We estimate that average out-of-pocket costs for diabetics who are not covered by employer plans or public health plans runs from $200 to $300 dollars per month. This cost is in addition to the cost of insurance.
Three separate considerations for insurance coverage
Diabetics seeking health insurance must consider three separate issues that affect each policy:
1) Am I eligible? Many of the lower-priced commercial health insurance plans are generally not available to diabetics. The links in this article and other resources at Freedom Benefits list the policies available to diabetics on a state-by-state basis.
2) Are diabetes expenses covered? Some policies have blanket exclusions for pre-existing conditions or do not include coverage for specific items like prescription drugs or outpatient medical supplies. See the description of coverage and the list of excluded items that is required to be provided for each health insurance policy.
3) What are the waiting periods and out-of-pocket expenses? Even when diabetes expenses are covered, the policyholder is responsible for all costs incurred during the waiting period or for the amount of the policy deductible or co-payments. These provisions should be clearly explained on the enrollment materials. If any questions remain, ask an enrollment adviser or use the OnlineAdviser email support service.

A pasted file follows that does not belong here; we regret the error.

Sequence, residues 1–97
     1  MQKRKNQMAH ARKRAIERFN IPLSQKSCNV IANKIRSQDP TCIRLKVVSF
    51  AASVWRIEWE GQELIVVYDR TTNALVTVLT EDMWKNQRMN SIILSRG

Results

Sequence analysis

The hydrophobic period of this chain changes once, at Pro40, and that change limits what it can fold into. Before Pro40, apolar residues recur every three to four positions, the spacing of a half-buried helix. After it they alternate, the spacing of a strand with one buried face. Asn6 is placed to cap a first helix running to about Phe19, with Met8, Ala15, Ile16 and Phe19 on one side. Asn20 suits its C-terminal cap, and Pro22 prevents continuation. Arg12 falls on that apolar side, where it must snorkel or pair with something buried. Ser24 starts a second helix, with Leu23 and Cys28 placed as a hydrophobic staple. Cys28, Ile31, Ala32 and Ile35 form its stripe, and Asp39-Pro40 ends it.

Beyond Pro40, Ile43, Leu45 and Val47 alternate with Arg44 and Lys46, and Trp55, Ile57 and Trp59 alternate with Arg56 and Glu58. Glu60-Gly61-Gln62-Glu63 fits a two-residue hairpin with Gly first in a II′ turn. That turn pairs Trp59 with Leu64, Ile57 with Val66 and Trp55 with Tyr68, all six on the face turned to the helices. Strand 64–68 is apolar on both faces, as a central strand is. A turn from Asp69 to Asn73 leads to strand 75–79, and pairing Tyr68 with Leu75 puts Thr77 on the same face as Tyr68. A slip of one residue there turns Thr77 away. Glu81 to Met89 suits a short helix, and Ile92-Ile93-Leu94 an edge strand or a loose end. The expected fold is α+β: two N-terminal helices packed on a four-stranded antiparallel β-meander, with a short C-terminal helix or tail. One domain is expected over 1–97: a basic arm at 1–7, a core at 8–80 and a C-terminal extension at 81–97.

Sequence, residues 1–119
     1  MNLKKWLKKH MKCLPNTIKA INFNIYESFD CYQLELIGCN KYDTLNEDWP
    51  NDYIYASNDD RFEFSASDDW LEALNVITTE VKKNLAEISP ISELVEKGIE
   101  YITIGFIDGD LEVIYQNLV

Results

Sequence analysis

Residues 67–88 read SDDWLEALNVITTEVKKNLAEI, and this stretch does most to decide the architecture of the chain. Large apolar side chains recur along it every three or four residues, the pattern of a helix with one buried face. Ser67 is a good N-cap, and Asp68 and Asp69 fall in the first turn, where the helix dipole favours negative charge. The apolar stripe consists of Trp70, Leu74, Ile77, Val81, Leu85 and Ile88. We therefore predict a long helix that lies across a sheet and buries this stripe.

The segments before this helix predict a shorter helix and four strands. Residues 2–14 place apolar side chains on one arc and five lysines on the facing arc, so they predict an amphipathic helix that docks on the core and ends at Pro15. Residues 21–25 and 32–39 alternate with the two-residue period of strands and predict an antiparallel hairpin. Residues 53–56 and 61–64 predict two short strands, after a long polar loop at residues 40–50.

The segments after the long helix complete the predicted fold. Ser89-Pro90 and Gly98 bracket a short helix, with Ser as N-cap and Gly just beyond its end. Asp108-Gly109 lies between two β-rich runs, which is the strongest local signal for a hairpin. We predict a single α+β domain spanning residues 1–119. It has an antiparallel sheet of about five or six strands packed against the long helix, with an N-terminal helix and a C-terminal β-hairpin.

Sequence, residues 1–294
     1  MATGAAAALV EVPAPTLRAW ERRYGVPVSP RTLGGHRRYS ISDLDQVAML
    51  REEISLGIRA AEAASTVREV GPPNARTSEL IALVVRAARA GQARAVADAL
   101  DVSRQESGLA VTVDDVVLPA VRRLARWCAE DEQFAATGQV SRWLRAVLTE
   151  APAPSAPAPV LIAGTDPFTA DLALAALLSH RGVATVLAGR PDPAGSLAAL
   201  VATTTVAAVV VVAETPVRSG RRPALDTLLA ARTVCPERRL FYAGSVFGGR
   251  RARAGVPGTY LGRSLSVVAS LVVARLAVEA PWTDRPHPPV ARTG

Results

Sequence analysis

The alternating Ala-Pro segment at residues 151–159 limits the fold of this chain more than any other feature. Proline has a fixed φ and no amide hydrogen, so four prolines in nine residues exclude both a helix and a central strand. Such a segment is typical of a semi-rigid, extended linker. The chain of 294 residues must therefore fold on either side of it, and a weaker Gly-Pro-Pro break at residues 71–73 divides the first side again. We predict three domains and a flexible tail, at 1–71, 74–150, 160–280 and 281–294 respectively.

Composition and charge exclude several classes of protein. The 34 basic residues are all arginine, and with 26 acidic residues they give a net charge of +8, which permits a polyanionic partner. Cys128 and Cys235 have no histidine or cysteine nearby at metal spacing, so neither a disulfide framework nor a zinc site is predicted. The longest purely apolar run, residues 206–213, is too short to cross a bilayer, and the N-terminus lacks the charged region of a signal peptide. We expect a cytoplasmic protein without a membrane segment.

Eligibility works inversely with coverage. For example, the insurance policies that accept diabetics are least likely to cover the cost of diabetic medical supplies. The most common consumer mistake is assuming that if one of these conditions is met then the others are automatically satisfied. For example, once determining that you are eligible for a specific insurance, this does not mean that the policy will take over payment of current diabetes costs.
Managing insurance expenses
The primary strategy of diabetics who cover their own medical expenses is to find an affordable solution to bridge the gap until January 2014. The interim coverage may not cover all expenses but provides two more important benefits: 1) ensures access to the medical system when necessary, and 2) avoids triggering a new "waiting period" on the next health plan that would other wise apply following a gap in coverage. As a result, we see an increase in the number of diabetics willing to enroll in min-med or temporary insurance plans.
The cost of maintaining insurance for diabetics is more likely to require changes to overall financial and life choices than for non-diabetics. This is primarily due to lack of access to lower cost insurance alternatives. Total lifetime medical costs for a diabetic, (calculated as the cost of insurance plus out-of-pocket expenses for up to age 65) is more than twice the amount as for non-diabetics, making health care their second highest expense (second only to housing). Inadequate insurance planning results in high levels of stress, financial disaster (often including bankruptcy) and periodic disruptions of medical care. Without concentrated and planning, adequate insurance is likely to be unaffordable. Yet making the required life changes required to handle the financial burden of diabetes is very difficult for many of those affected by the disease.